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  • Transforming the US Addiction Treatment Workforce, Part 1

    Posted on March 8, 2023
    By Tom Horvath, PhD, ABPP The rapid increase in US overdose deaths in recent years has resulted in increased attention to our drug policies and treatment system. In other developed countries drug policy has increasingly oriented toward harm reduction. Harm reduction approaches emphasize working with individuals who use drugs to increase safe use in the short term, and improved well-being and the resolution of addictive problems in the longer term. Transforming the US Addiction Treatment Workforce -  It's Needed This approach has been controversial in the US, on the assumption that any approach that does not insist on immediate abstinence encourages drug use and is therefore counterproductive. This controversy overlooks the reality that in the countries that have embraced a harm red...
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  • Stanton Peele interviews Tom Horvath

    Posted on November 18, 2022
    Stanton Peele Interviews Tom Horvath by Tom Horvath, ABPP, Ph.D. In an unexpected honor I was invited to be interviewed for one hour on video by Stanton Peele. I have admired Peele’s work since early in my days specializing in addictive problems. Along with the Sobell’s, Alan Marlatt (now deceased), and Bill Miller, he is one of the thinkers I have learned the most from. I view him as the most important theorist about addiction. As I wrote in my review of his latest book: Peele revolutionized our understanding of addiction. Love and Addiction, published in 1975 (and co-authored with Archie Brodsky), presented a new perspective on what addiction is, how it arises, and how it can be addressed. His insights are still far from being fully understood and acted upon, especially in th...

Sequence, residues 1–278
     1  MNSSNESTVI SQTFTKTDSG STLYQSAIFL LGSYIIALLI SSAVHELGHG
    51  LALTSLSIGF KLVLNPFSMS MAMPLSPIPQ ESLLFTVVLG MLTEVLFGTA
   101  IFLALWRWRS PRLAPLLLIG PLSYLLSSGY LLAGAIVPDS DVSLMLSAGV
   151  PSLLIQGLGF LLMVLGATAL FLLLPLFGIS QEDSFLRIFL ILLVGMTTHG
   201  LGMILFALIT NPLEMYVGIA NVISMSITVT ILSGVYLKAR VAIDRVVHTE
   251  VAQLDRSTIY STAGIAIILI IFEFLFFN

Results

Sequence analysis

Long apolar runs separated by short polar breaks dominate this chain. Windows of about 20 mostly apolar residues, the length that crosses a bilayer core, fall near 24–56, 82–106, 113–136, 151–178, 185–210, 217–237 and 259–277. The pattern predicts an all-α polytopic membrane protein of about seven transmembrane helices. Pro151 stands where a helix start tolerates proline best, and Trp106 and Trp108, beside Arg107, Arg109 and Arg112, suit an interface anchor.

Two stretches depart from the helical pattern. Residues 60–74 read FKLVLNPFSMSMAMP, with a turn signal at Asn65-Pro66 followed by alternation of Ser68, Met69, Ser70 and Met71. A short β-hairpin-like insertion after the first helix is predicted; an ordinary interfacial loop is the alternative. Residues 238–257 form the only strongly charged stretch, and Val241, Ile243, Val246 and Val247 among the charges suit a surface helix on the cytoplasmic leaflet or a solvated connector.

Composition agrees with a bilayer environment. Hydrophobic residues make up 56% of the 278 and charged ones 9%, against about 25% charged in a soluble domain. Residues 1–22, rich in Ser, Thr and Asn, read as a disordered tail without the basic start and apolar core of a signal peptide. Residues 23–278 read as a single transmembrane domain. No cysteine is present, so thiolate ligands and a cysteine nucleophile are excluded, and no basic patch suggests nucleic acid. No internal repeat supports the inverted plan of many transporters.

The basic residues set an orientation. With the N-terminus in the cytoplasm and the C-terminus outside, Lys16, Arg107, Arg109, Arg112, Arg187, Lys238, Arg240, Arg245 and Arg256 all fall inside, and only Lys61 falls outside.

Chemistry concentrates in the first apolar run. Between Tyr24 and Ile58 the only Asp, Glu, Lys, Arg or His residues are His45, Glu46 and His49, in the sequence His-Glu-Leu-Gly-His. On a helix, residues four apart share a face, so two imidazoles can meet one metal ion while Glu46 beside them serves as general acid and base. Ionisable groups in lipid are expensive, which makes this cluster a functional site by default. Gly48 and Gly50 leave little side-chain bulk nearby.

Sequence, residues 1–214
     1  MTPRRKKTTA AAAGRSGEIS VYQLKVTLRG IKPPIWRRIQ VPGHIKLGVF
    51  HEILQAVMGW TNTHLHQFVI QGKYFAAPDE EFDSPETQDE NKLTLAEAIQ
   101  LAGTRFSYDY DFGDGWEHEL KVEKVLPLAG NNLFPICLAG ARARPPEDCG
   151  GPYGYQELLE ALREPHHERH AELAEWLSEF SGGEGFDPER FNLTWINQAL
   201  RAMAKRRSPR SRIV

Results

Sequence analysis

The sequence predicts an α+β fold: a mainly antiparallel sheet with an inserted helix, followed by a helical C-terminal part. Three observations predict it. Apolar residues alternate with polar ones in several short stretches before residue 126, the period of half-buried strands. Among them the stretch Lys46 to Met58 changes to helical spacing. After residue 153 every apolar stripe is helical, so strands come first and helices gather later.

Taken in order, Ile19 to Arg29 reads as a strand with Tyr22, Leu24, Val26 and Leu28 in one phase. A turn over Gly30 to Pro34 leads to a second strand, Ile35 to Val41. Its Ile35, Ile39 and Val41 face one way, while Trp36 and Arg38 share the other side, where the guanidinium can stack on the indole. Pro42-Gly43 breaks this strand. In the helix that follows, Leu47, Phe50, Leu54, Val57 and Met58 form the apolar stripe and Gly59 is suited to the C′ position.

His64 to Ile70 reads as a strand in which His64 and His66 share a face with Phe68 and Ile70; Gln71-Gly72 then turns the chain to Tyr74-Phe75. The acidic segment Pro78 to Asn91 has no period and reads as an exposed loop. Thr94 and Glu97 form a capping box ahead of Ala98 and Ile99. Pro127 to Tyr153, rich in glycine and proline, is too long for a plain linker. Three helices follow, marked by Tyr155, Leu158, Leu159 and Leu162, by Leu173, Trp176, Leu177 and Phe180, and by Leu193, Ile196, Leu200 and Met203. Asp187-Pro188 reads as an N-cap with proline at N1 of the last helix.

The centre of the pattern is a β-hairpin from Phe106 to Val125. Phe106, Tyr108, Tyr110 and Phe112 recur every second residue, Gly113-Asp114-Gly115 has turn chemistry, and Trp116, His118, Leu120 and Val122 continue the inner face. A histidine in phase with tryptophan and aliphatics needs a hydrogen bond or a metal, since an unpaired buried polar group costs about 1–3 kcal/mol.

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  • Will the concept of “preaddiction” improve care for addictive problems?

    Posted on August 13, 2022
    By Tom Horvath, PhD, ABPP On 7/6/22 JAMA (the Journal of the American Medical Association) published “Preaddiction—A Missing Concept for Treating Substance Use Disorders.” Written by three of the most well-respected scientists in the field (McLellan, Koob, and Volkow), the article reminds us of the value of early detection and treatment of addictive problems, rather than waiting until these problems are severe. Because there is also a much larger number of individuals at lower levels of severity, there is substantial societal benefit from addressing that larger group. That group may generate more negative impact than the severe group. The article also reminds us that less than 20% of those who might benefit from treatment seek it, a situation that frustrates the authors. When ...
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  • NIAAA’s Core Resource on Alcohol

    Posted on July 8, 2022
    by A. Tom Horvath, Ph.D., ABPP Might you be looking for an up-to-date and thoroughly scientific “textbook” on alcohol, alcohol problems, and how to deal with them? In May, 2022, the US National Institute on Alcohol Abuse and Alcoholism (NIAAA), one of the 27 National Institutes of Health, published one online. Although this resource is written for healthcare professionals who address alcohol problems, motivated non-professionals will find answers to many of their questions, as well as links to resources for investigating further. NIAAA's Core resource provides 14 articles, which address: How much alcohol is too much? Risk factors for developing alcohol problems The neuroscience of alcohol Understanding and coping with stigma about alcohol problems Medical complic...
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  • Rat Park Revisited

    Posted on April 29, 2022
    By Tom Horvath, PhD Not exactly: I’m reporting about a presentation by Professor Bruce Alexander, the creator of “rat park,” given on 4/19/22, for the Addiction Theory Network, based in the UK. The webinar was: Retiring the Brain Disease Model of Addiction. And Then What? Rat Park Recap Rat Park, if you are not familiar with it, was his groundbreaking research showing that when rats are given a stimulating environment they will NOT die from self-administering various substances (e.g., cocaine, heroin). However, they will die from self-administration in a barren cage where the only choices are food/water and substances. Further, if you take rats stuck in those barren cages and then place them in rat park, they will again engage in normal rat activities and no longer have substance p...